a, Gating strategy for sorting of myeloid cells from naive and KP tumour-bearing lungs of Map17creER/+R26tdTom mice for scRNA-seq analysis. Monocytes and macrophages in the lung were gated as singlets, DAPI−CD45+Lin−CD11b−/+Ly6G−CD11clo-int-+SIGLECF+ and Tom− or Tom+. b, Confocal imaging of tdTomato+ bone-marrow-derived leukocytes and TRMs (CD206+, yellow). Images are representative of a single experiment and three tumours imaged. c, Gating strategy for sorting of myeloid cells from naive and KP tumour-bearing lungs of Cx3cr1creER/+R26YFP mice. Monocytes and macrophages were gated as in a and further separated based on YFP expression. d, Confocal imaging of YFP+ bone-marrow-derived leukocytes (red) and TRMs (CD206+, yellow). Scale bar, 50 μm. Images are representative of a single experiment and three tumours imaged. e, Spearman correlation of variable gene expression between the human monocyte and macrophage clusters detected in ref. 6 and those in ref. 10. f, The log2-transformed fold change (FC) between human TRM expression and the maximum cluster expression of non-TRM monocytes and macrophages, determined from data in ref. 6 (x axis) or ref. 10 (y axis). The human alveolar macrophage genes published previously11 are highlighted in red. g, Spearman correlation of variable gene expression between the mouse monocyte and macrophage clusters detected in the present study and in ref. 10. h, Average expression of selected mouse genes from scRNA-seq data in cluster groups I to IV (see Supplementary Table 2). i, Average expression of selected human genes from scRNA-seq data (see Supplementary Table 1). j, Confocal imaging of CD169cre/+R26tdTom KP lesions (day 30, KP-GFP, green) with CD206 (yellow). Scale bar, 100 μm. Images are representative of a single experiment and three tumours imaged. k, Gating strategy for the identification of TRMs and MDMs in naive lungs. TRMs were gated as live/dead−CD45+Ly6G−CD64+MERTK+CD2+CD169+CD206+SIGLECF+; MDMs were gated as singlets, live/dead−CD45+Ly6G−CD64+Mertk+CD2−CD11bhiCD169−CD206−SIGLECF−.
a, Lineage tracing experiment in Map17creER/+R26tdTom mice. b, Fraction of labelled (red, tdTom+) cells in the peripheral blood and lung of non-tumour-bearing Map17creER/+R26tdTom mice 6 months after tamoxifen injection (n = 6 blood, n = 5 lung; two independent experiments). Blood Ly6Chi monocytes were identified as singlets, DAPI−CD45+CD11b+CD115+Ly6Chi or Ly6Clo monocytes as CD45+CD11b+CD115+Ly6Clo. Lung monocytes were gated as CD45+CD11b+CX3CR1+Ly6Chi or Ly6Clo. Neutrophils in blood and lungs were identified as singlets, DAPI−CD45+CD11b+Ly6G+. TRMs were identified as singlets, DAPI−CD45+Ly6G−CD11blo/−SIGLECFhiCD11chiCD206hiCD169hi. Data are mean ± s.e.m. c, Frequencies of labelled (red, tdTom+) or not labelled (grey, tdTom−) cells within each cluster groups as defined in b in tumour-bearing mice. d, Lineage tracing experiment in Cx3cr1creER/+R26YFP mice. e, Fraction of labelled (green, YFP+) cells in the peripheral blood and lung of non-tumour-bearing mice (n= 8, pool of two independent experiments). Data are mean ± s.e.m. f, Frequency of labelled (green, YFP+) and non-labelled (grey, YFP–) cells within each cluster groups as defined in b in KP tumour-bearing mice.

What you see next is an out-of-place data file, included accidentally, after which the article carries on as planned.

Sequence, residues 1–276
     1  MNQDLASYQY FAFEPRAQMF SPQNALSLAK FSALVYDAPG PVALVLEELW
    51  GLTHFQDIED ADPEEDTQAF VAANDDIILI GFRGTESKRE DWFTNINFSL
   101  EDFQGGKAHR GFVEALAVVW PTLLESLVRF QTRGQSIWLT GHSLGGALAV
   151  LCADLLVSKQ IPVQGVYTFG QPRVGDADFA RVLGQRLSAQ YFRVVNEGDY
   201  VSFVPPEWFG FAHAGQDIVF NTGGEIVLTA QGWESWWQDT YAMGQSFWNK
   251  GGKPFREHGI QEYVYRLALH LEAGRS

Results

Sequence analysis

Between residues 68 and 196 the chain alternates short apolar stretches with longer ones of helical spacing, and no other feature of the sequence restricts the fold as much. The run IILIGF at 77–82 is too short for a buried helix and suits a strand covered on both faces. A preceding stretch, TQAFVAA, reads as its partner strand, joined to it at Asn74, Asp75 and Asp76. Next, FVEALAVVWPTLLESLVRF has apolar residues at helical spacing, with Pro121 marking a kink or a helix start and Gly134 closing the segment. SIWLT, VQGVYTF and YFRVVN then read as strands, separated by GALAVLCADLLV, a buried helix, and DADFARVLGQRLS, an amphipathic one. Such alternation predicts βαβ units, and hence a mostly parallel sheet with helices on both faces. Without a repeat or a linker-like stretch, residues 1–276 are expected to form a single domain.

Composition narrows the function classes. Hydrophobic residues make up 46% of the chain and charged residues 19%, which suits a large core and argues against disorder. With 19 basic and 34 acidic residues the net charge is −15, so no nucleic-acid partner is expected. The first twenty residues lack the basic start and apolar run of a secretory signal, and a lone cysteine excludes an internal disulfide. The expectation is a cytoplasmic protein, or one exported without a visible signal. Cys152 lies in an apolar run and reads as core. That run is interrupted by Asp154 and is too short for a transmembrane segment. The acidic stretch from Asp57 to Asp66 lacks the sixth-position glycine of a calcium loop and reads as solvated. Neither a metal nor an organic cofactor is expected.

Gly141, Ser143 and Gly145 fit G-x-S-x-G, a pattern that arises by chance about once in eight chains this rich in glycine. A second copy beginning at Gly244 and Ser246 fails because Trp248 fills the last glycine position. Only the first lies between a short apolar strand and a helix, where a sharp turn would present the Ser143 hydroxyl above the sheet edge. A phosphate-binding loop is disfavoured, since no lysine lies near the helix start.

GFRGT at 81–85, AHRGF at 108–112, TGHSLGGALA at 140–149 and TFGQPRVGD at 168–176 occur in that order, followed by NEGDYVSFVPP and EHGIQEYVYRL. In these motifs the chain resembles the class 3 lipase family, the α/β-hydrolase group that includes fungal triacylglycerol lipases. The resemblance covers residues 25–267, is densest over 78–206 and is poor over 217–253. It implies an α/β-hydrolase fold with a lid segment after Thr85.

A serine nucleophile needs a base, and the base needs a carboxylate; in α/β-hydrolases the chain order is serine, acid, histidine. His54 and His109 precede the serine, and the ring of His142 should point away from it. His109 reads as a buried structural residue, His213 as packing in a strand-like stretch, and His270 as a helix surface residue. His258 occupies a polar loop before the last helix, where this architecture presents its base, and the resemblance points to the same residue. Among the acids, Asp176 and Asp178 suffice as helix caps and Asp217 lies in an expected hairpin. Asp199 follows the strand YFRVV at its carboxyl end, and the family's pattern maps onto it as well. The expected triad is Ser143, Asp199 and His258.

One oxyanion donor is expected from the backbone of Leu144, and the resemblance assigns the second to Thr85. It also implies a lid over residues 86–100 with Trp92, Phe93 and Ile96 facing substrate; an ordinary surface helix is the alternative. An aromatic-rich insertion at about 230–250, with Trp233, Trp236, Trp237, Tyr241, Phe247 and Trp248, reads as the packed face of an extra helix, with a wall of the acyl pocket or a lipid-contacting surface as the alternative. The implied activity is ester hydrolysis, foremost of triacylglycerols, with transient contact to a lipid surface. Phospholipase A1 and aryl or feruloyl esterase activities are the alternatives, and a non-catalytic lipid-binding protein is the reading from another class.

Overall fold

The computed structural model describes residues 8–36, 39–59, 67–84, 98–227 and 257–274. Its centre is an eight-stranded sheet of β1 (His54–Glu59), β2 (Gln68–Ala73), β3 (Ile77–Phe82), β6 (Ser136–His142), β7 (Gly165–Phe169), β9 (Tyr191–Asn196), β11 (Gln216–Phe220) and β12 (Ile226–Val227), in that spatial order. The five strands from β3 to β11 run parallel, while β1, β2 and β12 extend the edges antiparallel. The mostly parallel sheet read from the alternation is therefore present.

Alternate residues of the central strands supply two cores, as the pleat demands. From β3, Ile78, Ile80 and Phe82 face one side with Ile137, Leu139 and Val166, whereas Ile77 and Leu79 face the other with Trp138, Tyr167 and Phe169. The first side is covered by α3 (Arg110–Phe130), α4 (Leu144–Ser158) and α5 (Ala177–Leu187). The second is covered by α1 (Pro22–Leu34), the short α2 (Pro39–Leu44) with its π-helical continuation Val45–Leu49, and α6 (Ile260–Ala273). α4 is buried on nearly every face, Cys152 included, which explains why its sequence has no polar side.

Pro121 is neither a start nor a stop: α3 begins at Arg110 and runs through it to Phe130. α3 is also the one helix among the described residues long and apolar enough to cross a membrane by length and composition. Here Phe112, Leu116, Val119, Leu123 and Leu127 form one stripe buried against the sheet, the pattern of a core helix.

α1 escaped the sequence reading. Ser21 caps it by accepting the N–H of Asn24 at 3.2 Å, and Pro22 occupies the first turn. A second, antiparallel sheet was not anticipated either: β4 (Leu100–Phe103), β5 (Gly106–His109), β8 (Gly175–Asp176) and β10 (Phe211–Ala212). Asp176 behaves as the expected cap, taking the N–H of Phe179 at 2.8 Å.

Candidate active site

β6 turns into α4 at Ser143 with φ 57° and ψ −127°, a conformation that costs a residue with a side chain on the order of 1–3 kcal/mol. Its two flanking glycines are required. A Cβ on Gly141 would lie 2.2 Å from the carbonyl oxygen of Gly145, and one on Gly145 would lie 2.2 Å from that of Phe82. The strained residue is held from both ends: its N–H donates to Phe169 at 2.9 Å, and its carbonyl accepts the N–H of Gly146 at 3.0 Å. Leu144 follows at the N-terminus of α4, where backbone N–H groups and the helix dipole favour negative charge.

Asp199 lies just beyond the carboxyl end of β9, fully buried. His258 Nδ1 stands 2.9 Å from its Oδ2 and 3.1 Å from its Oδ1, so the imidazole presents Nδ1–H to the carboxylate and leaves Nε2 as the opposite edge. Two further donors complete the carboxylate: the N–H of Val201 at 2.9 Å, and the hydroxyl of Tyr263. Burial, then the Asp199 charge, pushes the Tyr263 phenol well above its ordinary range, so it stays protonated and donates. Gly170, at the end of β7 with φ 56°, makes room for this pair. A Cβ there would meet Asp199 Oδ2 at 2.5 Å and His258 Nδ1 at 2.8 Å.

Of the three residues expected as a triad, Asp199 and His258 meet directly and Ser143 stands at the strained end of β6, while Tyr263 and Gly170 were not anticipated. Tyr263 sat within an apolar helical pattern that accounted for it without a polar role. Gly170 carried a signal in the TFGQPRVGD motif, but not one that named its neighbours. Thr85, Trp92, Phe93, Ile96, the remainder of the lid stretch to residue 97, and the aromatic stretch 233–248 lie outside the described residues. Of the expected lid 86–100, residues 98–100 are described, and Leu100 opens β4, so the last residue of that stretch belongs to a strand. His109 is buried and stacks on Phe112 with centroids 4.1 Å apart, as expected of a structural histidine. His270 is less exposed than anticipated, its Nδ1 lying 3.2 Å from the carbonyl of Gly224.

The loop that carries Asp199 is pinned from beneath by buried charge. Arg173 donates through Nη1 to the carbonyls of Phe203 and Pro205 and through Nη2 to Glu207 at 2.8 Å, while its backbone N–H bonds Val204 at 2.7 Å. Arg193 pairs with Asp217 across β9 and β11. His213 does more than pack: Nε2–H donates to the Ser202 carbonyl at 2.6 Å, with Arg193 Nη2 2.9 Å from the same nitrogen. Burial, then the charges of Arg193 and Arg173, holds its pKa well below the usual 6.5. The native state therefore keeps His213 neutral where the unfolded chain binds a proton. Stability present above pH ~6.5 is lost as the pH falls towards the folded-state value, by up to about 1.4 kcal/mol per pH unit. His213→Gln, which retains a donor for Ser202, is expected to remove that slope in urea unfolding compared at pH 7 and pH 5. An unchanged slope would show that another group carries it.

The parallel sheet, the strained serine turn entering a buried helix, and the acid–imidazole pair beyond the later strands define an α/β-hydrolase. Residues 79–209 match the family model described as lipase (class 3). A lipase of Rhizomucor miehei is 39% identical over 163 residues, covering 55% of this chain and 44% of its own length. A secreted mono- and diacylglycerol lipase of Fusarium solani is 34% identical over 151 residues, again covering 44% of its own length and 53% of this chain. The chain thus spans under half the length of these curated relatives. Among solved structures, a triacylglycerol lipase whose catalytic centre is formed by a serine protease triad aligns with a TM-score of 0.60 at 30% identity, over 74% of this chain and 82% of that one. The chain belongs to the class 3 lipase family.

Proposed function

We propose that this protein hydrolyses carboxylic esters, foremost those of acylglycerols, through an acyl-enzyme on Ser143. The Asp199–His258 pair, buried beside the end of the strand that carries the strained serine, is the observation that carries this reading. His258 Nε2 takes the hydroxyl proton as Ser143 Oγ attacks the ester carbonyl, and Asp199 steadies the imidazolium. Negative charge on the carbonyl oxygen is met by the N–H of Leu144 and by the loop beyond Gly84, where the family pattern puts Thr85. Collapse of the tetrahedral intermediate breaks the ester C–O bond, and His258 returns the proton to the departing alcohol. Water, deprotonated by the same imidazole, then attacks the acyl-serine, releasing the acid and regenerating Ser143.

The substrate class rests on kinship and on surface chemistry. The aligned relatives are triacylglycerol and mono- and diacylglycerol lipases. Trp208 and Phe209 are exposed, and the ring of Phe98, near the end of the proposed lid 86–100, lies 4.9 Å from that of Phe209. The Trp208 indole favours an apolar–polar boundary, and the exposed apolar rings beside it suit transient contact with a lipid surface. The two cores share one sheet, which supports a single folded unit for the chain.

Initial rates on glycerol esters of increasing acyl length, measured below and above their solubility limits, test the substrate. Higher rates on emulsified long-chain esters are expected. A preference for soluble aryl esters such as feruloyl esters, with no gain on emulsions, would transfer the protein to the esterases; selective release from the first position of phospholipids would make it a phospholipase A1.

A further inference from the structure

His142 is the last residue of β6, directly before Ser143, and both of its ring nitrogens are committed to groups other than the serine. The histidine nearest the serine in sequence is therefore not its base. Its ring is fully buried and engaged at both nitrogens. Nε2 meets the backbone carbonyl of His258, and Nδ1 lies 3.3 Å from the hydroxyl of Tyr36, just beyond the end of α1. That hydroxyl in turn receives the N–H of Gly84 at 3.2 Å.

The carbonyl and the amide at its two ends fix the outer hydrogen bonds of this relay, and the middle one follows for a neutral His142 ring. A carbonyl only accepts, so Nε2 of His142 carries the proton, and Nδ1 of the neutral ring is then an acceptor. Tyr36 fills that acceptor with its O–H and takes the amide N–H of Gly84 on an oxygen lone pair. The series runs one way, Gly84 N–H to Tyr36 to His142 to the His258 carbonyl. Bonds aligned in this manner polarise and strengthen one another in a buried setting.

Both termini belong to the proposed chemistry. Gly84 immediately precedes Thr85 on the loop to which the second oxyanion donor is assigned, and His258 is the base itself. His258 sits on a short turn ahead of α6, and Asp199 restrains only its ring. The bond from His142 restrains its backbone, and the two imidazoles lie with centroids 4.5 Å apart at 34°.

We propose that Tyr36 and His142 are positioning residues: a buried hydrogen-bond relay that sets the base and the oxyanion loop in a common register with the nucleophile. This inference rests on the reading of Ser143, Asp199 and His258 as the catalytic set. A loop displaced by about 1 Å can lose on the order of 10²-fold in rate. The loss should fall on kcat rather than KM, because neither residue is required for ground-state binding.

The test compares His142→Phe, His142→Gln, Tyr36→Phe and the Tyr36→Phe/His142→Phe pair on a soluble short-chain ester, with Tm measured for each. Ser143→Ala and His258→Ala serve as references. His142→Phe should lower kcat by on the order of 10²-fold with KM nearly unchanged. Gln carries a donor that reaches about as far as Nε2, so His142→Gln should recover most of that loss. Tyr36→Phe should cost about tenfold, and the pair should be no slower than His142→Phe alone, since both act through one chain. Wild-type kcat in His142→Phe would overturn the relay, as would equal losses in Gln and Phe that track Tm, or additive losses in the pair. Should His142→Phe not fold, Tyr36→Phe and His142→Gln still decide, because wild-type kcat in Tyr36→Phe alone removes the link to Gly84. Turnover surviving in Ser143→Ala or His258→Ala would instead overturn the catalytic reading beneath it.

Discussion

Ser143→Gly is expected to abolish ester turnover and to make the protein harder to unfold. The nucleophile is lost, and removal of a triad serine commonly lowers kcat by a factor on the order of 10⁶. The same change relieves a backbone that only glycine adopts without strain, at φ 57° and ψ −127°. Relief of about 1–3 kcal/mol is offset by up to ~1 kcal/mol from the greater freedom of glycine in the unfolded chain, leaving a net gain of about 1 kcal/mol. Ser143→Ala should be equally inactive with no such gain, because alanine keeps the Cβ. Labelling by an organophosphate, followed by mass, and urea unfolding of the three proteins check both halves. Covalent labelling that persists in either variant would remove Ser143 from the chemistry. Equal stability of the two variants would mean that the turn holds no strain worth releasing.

a, TRMs (red, CD206+) distribution in KP-GEMMs (green) 14 weeks (wks) after injection of adenovirus-SPC5Cre in KP mice. White dotted lines delimit the tumour area. Unpaired two-tailed Student’s t-test; *P = 0.020. CD206+ macrophage distribution was analysed in n = 4 tumour-bearing mice from one experiment. Data are mean ± s.e.m. b, Gene Ontology categories for ATAC–seq significant (P < 0.05) open (day 15) and closed (day 30) chromatin regions identified in KP-associated TRMs. c, Longitudinal analysis of CD45+ leukocytes, TRMs and Ly6Chi and Ly6Clo monocytes in naive (n = 5) and in day-15 (n = 5) and day-30 (n = 4) KP-bearing mice. One-way ANOVA with Tukey’s test. Data are mean ± s.e.m. TRMs were gated as singlets, live/dead−GFP−CD45+Ly6G−CD64+MERTK+CD2+CD169+CD206+Siglecf+; MDMs were gated as singlets, live/dead−GFP−CD45+Ly6G−CD64+MERTK+CD2−CD11bhiCD169−SIGLECF−. Lung monocytes were gated as CD45+CD11b+CX3CR1+Ly6Chi or Ly6Clo. d, Longitudinal imaging analysis of TRMs identified by the co-expression of CD206 (red) and SIGLECF (yellow) in the KP-GFP orthotopic model. KP tumour cells, green. White asterisks indicate CD206+SIGLECF− macrophages. Yellow asterisks depict SIGLECF+CD206− leukocytes, which are also found in overt tumours and are most probably SIGLECF+ eosinophils. Scale bars, 50 μm (D5, D10 and D15); 100 μm (D25–30). Images are representative of one experiment; n = 3–5 mice; 2–3 tumours analysed per time point. e, Longitudinal imaging analysis of TRMs in the KP-GEMM model. Tumour cells are identified by positive staining with pan-cytokeratin in green. Images are representative of one experiment; 2–3 tumours analysed per mouse; 3 mice per time point. Scale bars, 50 μm. f, Immunohistochemistry converted to pseudofluorescence image of CD206 (red), CD10 (yellow) and cytokeratin (CK, green) staining in non-involved lung and NSCLC tissue. White asterisks indicate CD206+CD10+ TRMs. Scale bars, 250 μm (bottom images); 250 μm (top images). Images are representative of one experiment. g, Immunohistochemistry converted to pseudofluorescence image of CD206 (red), FABP4 (yellow) and cytokeratin (CK, green) staining in non-involved lung and NSCLC tissue. White asterisks indicate CD206+FABP4+ TRMs. Scale bars, 500 μm (left); 400 μm (right). Dotted lines delineate tumour border. Representative images from two non-involved lung and two NSCLC tumours. Images are representative of one experiment.